When many of us think of celebrities, we think of the glamorous lifestyle, the notoriety, and all the cool stuff we could do. Fame, noted by most celebrities, has its ups and downs. But of all the good and bad things, the most annoying of all of them might be the paparazzi. Known as the vermin of the entertainment industry, paparazzi are everywhere, but their job is to seem as if they’re nowhere to be seen. But as much as we hate them, it seems as if we know less about them than the celebrities they’re chasing.
Adrian Grenier, the star of HBO’s Entourage in which he plays a movie star, is beginning to have the line between reality and fiction blurred due to his fame in real life. He’s adjusting to the lifestyle of Vincent Chase both on and off the screen, except in real life he’s not playing a character. He’s Adrian Grenier. One day, while coming out of a club, amidst the mob of paps around him, he sees a young boy snapping his picture. He approaches the child; to only find out that he’s a thirteen-year-old paparazzo named Austin Visschedyk, a smooth and fast-talking kid from Los Angeles. This street-smart adolescent had recently gained interest in the life of a paparazzo when he met Adrian. This boy fascinated Grenier and before he knew it, he was making a film about him.
Camera crew in hand, Grenier and Visschedyk began taking the Hollywood streets by storm; Austin for his pictures, Adrian for an answer. Teenage Paparazzo offers not only a look into the life of a celebrity, but the people who put these celebrities on the cover of every gossip magazine known to man. The film, which was directed by Grenier, shows the human side of the paparazzi, insisting on talking to them one-on-one rather than dehumanizing them and writing them off as scum like everybody else in Hollywood has. Austin was only the beginning for Grenier. The life of a pap is unlike anything else; the adrenaline, the constant motion, the 24/7 workweek, and most of all, the money. Austin was making anywhere from $500-$1000 for a good shot of a hot celebrity, more if it met certain requirements.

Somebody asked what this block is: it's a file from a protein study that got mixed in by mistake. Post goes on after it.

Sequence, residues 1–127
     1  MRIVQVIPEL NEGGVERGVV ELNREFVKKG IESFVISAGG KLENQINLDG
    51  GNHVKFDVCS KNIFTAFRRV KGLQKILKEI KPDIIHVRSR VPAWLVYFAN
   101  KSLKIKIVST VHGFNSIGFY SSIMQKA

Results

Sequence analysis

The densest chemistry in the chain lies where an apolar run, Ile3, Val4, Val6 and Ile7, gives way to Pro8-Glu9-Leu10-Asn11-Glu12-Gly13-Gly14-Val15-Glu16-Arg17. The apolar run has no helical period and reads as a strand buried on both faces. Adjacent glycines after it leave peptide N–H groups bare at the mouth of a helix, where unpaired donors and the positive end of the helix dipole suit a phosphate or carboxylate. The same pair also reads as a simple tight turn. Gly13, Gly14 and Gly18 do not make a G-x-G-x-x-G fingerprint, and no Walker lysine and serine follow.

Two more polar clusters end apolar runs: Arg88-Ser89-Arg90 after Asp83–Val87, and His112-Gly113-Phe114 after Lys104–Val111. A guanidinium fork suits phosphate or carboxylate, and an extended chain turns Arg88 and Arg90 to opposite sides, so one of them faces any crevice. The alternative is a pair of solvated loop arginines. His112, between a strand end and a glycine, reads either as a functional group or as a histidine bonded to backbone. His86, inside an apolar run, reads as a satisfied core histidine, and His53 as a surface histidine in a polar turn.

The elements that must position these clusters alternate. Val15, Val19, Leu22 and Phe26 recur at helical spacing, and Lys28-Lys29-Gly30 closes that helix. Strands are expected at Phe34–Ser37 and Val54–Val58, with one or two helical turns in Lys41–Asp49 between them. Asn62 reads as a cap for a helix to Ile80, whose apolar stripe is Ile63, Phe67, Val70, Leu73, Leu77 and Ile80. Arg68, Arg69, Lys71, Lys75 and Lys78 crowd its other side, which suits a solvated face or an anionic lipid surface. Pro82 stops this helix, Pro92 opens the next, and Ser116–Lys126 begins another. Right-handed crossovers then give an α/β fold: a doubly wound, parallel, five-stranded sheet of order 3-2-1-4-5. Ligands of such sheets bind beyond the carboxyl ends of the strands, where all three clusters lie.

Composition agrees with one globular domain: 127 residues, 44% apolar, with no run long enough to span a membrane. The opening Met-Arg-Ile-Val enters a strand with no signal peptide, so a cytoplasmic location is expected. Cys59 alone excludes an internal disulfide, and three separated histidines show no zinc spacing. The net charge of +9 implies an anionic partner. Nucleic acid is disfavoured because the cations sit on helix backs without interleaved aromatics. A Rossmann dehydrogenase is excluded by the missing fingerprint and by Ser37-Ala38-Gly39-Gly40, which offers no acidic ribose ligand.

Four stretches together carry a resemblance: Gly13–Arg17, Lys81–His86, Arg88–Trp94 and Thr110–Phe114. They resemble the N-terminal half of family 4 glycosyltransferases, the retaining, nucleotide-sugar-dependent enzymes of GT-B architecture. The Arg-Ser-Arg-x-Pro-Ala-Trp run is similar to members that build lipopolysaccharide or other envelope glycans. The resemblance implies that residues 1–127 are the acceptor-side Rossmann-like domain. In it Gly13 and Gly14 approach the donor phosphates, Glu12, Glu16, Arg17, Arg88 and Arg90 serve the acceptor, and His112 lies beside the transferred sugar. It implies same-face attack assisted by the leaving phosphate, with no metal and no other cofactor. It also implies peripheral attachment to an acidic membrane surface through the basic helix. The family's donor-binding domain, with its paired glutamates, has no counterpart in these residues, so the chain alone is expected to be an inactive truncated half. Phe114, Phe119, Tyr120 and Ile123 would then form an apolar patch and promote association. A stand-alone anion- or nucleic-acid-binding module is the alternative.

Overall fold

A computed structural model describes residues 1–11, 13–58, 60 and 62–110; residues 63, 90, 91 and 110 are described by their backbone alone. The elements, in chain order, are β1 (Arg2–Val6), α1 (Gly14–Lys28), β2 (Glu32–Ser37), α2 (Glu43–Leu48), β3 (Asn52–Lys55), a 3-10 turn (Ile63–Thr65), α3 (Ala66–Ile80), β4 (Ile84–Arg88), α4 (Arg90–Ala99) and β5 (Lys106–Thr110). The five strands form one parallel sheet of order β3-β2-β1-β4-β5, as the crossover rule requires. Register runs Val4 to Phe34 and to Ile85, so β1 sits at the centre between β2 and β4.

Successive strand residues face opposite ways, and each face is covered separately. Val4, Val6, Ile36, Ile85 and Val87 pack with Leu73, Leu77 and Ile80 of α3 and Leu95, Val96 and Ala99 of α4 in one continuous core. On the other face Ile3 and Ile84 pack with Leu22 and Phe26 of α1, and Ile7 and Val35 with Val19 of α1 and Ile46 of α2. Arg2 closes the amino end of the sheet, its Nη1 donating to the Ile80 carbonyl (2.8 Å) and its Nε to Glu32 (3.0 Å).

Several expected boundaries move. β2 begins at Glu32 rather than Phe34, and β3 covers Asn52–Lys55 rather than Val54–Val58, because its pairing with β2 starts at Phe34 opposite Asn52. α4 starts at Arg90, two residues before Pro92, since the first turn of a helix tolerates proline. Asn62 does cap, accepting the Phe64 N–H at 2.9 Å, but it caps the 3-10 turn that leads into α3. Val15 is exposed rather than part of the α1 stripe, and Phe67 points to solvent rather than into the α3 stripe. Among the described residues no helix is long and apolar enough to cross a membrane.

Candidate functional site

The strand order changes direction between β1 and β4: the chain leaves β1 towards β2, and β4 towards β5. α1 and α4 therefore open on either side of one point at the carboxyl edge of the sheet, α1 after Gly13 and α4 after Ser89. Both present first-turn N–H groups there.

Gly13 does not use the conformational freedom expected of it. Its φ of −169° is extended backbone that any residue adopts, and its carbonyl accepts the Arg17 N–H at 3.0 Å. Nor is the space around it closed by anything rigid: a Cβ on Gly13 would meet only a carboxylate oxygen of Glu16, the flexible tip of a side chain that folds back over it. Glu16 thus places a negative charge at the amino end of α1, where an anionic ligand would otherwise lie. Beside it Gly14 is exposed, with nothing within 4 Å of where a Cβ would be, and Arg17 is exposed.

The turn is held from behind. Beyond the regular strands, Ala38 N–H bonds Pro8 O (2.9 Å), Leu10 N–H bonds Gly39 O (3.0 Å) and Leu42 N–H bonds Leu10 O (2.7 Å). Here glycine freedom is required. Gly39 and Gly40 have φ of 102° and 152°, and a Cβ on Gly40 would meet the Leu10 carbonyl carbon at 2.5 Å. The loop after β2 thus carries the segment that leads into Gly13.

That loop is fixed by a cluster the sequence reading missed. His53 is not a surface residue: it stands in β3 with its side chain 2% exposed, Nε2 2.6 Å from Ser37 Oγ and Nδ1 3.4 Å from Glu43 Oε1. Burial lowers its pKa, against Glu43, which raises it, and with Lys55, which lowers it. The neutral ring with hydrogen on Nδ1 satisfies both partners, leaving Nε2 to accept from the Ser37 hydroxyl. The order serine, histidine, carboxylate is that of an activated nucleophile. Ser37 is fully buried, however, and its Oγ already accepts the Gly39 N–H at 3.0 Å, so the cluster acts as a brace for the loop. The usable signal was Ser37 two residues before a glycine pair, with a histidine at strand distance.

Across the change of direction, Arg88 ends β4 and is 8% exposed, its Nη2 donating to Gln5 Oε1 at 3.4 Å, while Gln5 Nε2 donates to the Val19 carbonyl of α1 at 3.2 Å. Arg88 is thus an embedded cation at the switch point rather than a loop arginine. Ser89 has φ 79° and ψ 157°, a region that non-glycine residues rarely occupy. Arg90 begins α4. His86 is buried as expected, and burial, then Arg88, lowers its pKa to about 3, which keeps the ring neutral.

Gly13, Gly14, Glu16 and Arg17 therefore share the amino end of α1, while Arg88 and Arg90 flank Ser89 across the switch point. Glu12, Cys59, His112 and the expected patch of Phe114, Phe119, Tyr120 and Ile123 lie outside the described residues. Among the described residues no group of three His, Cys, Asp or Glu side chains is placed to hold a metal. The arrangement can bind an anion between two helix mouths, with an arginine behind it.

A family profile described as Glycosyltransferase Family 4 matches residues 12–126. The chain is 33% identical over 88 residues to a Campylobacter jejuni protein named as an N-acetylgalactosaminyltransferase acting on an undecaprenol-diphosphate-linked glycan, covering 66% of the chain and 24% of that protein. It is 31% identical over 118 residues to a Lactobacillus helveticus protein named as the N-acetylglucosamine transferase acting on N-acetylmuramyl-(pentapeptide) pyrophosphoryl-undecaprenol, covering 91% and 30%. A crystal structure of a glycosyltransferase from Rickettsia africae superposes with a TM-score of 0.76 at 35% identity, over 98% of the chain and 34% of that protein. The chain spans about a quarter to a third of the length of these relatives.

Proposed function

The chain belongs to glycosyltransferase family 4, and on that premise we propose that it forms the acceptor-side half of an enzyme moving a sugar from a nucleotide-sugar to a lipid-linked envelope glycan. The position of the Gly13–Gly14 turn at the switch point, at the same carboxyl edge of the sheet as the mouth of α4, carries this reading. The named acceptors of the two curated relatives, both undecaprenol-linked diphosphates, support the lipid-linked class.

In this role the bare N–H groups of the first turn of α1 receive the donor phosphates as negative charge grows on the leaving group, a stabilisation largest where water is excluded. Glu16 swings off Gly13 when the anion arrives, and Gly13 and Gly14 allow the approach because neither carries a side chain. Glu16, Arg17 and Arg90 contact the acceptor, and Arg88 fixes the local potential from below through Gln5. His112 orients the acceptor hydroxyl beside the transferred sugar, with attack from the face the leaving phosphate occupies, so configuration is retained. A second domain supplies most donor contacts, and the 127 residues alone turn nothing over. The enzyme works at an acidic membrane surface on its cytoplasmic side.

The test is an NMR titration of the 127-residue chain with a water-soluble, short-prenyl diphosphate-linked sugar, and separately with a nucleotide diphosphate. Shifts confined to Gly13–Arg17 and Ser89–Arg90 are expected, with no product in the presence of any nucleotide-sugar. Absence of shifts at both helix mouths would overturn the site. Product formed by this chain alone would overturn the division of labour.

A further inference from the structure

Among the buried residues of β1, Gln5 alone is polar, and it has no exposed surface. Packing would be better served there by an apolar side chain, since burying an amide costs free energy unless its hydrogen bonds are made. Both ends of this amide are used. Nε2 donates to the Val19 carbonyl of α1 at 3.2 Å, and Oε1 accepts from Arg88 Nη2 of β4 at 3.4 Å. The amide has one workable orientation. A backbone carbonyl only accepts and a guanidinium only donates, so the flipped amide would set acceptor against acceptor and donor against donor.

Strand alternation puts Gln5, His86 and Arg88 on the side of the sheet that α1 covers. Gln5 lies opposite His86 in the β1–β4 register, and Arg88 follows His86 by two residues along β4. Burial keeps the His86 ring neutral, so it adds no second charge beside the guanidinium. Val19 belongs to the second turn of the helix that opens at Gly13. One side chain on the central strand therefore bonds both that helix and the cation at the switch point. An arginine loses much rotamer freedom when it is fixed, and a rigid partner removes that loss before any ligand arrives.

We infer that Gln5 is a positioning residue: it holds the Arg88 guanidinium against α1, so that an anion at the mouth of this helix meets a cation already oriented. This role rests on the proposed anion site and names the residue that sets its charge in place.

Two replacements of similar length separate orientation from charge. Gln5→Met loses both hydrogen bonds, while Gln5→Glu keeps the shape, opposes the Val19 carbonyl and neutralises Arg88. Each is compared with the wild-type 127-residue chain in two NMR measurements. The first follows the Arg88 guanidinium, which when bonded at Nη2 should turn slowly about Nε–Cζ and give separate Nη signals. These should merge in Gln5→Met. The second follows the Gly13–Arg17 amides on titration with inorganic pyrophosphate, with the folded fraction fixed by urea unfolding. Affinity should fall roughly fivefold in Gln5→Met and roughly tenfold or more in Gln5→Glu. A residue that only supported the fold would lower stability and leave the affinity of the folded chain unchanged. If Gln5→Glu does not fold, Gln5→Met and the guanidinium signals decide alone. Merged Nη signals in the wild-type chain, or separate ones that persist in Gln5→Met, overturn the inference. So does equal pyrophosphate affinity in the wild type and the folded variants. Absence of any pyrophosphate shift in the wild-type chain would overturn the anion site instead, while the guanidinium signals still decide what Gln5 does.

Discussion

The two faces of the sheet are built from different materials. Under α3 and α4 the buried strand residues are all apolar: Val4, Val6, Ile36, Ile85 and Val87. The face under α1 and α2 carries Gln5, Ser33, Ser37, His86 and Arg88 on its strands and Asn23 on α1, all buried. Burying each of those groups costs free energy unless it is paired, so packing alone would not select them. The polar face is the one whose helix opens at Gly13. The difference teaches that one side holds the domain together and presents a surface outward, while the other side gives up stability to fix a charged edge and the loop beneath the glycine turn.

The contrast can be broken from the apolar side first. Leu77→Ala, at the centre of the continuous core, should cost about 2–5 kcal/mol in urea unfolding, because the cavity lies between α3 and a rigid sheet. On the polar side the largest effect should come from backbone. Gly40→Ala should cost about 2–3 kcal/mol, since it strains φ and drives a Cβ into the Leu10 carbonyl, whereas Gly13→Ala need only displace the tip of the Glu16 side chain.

I don’t want to spoil too much of the things that go on in Teenage Paparazzo, because that’s half the fun, finding out what’s going to happen next. Weaving in interviews with various celebrities as well as Austin’s story, the film really does give the viewer a neutral view of the lifestyle of both the paps and their victims. The relationship between certain paps and certain celebrities isn’t as strained as many think, which I find to be very interesting. With that being said, most of them are and it can get very, very, annoying. The price of fame is a price to pay, and Grenier is sure to convey this to the viewer. He explains what its like to walk out of your home and not three steps later start being flashed by camera lights at every angle.
If Teenage Paparazzo succeeds at something, it’s the truth that rings throughout the entire film. We’ve seen these people on TV, we see them in movies, on the news, on the internet, but do we know them? No, of course not. We think we do, but we don’t. It seems that a lot of people have yet to recognize that, though.